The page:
The idea of Karma Yoga is to act for the sake of everyone and everything (our selves included).
  • karl stone
    203
    When Krishna expounds on yoga in the Bhagavad Gita, the teachings are based on the principles of absolute unity. Yoga means absolute unity in spiritual teachings. Absolute unity means unity with everything or with the whole of reality. The different types of yoga are different paths to attaining such unity. Karma Yoga are teachings on how to attain unity through appropriate activity whether political, scientific, rational, social, etc, etc. Because those teachings are based on principles, they apply to all the various channels of our life-interactions.

    The enlightenment taught in the Bhagavad Gita is a comprehensive enlightenment, the only problem for most people is the spiritual language used. However, I think it is possible to translate it into political, scientific, rational, social, etc, fields of association.
    BrianW

    I was quite content to have misunderstood - and for the word enlightenment to have been used in an entirely different sense here, to that which I had in mind. Because I'm a scientist and a rationalist, if you discuss this further, I shall be forced to adopt a critical position relative to your philosophy - and I have no desire to do so. Let us shake metaphorical hands and retreat to our separate realms, and for the avoidance of confusion in future, perhaps you might use the word moksha, or Kevala Jnana, or ushta instead. i.e. "Can we ever reach moksha?"
  • Wayfarer
    6.9k
    Selfless action is required to be released from the karma cycle, but the action will never be entirely sacrificial because the motivation behind altruistic action is personal gain.gnat

    This argument is strangely reminiscent of Calvinism, for whom any really altruistic motivation is impossible, due to the ‘total depravity of the will’ arising from the fall of man, the only remedy to which is complete and unquestioning faith in Christ.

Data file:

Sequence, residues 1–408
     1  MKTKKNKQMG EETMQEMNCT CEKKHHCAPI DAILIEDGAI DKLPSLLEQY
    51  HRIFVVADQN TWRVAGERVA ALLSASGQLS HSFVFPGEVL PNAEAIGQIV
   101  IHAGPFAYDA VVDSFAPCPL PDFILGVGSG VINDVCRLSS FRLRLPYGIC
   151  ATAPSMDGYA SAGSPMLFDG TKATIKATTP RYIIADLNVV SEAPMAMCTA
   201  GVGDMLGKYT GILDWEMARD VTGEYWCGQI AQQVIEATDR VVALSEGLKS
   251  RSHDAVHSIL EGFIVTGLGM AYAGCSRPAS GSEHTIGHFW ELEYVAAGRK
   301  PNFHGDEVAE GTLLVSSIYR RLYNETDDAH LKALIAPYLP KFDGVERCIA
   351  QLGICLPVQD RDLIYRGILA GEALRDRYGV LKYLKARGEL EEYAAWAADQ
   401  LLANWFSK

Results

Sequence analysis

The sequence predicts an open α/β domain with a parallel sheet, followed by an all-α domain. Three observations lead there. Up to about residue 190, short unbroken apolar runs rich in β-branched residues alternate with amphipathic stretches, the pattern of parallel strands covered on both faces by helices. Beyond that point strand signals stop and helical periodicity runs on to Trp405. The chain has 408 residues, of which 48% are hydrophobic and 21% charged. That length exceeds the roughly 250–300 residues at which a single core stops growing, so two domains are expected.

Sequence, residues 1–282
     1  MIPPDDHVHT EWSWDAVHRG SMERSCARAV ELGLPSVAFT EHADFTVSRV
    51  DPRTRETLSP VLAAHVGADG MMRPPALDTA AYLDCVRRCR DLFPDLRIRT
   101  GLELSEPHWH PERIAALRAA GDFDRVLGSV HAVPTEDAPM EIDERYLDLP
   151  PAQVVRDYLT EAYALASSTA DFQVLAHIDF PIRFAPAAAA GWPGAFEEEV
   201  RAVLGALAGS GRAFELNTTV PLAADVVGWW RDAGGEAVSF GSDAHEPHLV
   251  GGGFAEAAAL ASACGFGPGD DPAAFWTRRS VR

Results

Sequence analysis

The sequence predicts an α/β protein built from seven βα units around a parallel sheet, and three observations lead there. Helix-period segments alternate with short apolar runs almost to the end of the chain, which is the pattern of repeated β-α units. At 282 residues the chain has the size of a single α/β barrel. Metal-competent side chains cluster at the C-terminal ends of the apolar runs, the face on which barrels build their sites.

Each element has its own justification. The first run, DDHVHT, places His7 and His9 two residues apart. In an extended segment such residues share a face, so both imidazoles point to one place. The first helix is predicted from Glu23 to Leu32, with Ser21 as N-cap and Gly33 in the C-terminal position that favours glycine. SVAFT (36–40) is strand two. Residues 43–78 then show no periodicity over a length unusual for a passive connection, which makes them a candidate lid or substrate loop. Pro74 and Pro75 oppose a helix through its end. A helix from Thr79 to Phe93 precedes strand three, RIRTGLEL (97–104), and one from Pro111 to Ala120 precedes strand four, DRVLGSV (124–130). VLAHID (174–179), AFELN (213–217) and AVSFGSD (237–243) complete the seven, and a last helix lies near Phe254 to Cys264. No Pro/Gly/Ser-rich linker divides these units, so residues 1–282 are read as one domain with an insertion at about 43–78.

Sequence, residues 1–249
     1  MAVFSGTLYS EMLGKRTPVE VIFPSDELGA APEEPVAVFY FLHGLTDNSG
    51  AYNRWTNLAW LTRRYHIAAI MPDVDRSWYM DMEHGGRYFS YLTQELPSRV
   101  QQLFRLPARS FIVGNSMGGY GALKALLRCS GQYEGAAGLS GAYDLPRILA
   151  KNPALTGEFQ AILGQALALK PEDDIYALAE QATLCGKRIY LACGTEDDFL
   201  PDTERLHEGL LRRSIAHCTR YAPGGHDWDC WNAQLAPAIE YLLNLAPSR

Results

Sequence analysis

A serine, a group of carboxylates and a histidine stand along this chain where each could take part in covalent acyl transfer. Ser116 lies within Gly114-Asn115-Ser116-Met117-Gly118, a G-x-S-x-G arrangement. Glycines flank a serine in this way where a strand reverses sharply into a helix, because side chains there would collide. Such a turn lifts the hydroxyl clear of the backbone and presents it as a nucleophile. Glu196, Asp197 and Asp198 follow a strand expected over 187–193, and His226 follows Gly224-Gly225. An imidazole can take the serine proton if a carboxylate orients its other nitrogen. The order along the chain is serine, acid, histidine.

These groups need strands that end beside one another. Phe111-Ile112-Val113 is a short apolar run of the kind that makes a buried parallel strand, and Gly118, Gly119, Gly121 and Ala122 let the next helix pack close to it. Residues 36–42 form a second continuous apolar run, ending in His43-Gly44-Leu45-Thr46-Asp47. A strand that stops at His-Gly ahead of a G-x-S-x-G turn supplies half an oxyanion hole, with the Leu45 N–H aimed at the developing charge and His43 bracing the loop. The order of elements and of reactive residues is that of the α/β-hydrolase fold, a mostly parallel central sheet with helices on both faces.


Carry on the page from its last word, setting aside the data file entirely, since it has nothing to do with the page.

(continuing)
But such arguments really don’t hold water in respect of Hinduism. In Indian spirituality, the impediment is more cognitive than volitional; it can’t be understood solely in terms of corruption of the will (although that is a factor), as the fundamental impediment is avidya. This is usually translated as ‘ignorance’ but I think a better translation would be ‘un-wisdom’. And that in turn arises from the ‘illusion of otherness’, which is inherent in the condition of having been born an individual.

    Actually that brings to mind a quote from another, wildly different source:

    A human being is a part of the whole, called by us "Universe", a part limited in time and space. He experiences himself, his thoughts and feelings as something separated from the rest — a kind of optical delusion of his consciousness. The striving to free oneself from this delusion is the one issue of true religion. Not to nourish the delusion but to try to overcome it is the way to reach the attainable measure of peace of mind. 1 — Albert Einstein

    It might sound trite spelled out in such perfunctory form, but the actual task of ‘freeing oneself’ is one of great magnitude - as eloquently illustrated in the Bhagavad Gita.
  • BrianW
    481


    What enlightenment did you have in mind?
  • karl stone
    203
    What enlightenment did you have in mind?BrianW

    The Enlightenment in European history was a period in which absolutist religious authority and religious reasoning were cast off, and rationality and science were embraced. Clearly, this was never fully realized - but separation of church and state, and other secular values are attributable to the era. Thus, I took the question to mean - can we complete the enlightenment project by accepting that science truthfully describes reality, and conducting our political and economic affairs accordingly. It is, to my mind - necessary to secure a sustainable future.

    Clearly, you use the term enlightenment to refer to something else entirely, something inconsistent with a scientific rationale that demands empirical proof of reliably reproducible phenomena. I cannot help but consider this conflation of terms an unfortunate and unnecessary appropriation of a well established term with a specific and important meaning.